On Friday, S. "Soma" Somasegar posted an entry in his blog entitled .NET Framework 3.0 where he wrote
When speaking to developers about WinFX one question
that repeatedly comes up is, “WinFX sounds great, but what happens to
.NET?” .NET Framework has becomes the most successful developer
platform in the world. Developers know and love .NET.
The .NET Framework has always been at the core of
WinFX, but the WinFX brand didn’t convey this. The WinFX brand helped
us introduce the incredible innovations in terms of Windows
Presentation Foundation (WPF), Windows Communication Foundation (WCF),
Windows Workflow Foundation (WF) and the newly christened Windows
CardSpace (WCS) formerly known under the codename “InfoCard.” The
brand also created an unnatural discontinuity between previous versions
of our framework and the current version.
With this in mind we have decided to rename WinFX to
the .NET Framework 3.0. .NET Framework 3.0 aptly identifies the
technology for exactly what it is – the next version of our developer
The .NET Framework 3.0 will still ship with Windows
Vista, and will be available down-level for Windows XP and Windows
Server 2003 as planned. This change doesn’t affect in any way the ship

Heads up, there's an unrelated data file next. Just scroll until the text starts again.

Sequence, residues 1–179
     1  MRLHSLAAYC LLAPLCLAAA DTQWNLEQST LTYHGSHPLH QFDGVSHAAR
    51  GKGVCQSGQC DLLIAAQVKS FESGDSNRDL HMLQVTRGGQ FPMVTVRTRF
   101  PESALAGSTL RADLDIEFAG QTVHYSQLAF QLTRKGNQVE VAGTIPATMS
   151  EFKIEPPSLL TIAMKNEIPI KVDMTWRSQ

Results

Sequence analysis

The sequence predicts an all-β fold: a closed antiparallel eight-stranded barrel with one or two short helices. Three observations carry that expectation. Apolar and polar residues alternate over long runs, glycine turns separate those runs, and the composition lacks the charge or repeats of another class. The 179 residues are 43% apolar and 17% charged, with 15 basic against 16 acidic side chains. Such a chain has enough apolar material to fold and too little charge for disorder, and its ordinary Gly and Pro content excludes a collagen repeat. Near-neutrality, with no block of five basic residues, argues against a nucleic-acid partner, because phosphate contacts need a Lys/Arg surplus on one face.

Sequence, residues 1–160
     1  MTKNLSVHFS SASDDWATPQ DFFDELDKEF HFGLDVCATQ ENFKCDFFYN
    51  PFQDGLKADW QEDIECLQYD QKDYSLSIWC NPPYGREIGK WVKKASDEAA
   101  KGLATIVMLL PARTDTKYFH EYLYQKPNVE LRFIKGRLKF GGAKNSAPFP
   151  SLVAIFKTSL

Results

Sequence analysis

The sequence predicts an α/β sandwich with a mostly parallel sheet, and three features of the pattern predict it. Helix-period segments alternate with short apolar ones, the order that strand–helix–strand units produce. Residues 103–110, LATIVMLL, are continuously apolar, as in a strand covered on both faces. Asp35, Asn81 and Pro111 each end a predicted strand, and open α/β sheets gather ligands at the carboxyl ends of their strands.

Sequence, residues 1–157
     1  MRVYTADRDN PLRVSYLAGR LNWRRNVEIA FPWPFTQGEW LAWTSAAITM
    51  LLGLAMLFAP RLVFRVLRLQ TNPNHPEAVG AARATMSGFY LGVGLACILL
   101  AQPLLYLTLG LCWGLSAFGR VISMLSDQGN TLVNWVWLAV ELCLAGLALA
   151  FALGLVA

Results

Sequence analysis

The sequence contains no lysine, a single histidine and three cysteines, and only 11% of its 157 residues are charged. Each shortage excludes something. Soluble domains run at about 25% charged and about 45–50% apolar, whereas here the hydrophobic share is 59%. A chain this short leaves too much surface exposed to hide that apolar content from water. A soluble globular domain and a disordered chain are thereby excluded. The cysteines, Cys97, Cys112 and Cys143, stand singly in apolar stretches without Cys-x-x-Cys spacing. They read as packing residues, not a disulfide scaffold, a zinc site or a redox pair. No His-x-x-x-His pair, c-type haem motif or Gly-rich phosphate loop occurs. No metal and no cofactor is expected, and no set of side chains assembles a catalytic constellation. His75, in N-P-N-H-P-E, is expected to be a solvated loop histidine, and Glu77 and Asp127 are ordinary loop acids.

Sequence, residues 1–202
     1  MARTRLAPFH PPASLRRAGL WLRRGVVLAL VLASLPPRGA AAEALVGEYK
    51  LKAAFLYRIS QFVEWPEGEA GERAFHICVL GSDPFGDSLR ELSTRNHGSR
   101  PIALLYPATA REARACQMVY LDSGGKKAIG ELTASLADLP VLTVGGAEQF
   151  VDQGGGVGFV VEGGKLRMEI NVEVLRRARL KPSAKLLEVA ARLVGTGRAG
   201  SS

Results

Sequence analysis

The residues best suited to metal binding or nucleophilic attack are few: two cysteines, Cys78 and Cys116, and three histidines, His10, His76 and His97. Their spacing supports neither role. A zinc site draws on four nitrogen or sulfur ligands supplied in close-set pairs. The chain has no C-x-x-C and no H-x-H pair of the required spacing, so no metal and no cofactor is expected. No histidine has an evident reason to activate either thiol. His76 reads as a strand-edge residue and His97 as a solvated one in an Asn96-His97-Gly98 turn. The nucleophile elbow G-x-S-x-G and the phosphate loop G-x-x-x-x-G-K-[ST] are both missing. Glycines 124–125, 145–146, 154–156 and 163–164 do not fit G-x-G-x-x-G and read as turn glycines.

schedules of either Windows Vista or the .NET Framework 3.0 itself.
The good news to me isn't that Microsoft is fixing the branding confusion around having both WinFX and the .NET Framework. It is cool but what is more interesting is that developers can count on having Avalon (WPF) and Indigo (WCF) on every Windows Vista computer. As someone who's written an application based on the .NET Framework, it totally sucks that I still can't assume that every modern PC running the most up-to-date version of the operating system has the .NET Framework installed. It's finally gotten to the point where .NET Framework v1.1 has mass market penetration but we are on .NET Framework v2.0 and right now [based on my server logs] it looks like for every 1 person who is using v2.0 of the .NET Framework to access my site, there are 10 people on v1.1 of the .NET Framework. It's going to take at least a few more years for that ratio to get any better.
I've been wondering whether there is any point looking at Avalon given that it at this rate it could be four or five years before it has enough mass market penetration to be worth targetting exclusively. With the .NET Framework 3.0 shipping with every Windows Vista PC, the adoption rate should be a lot more rapid than what we've seen for previous versions of the .NET Framework. So now the next question for me is whether LINQ (aka C# 3.0) is expected to ship as part of the .NET Framework 3.0? If so, this would be the most interesting development for Windows developers I've heard all year.
This is probably old news to a bunch of folks but it is news to me.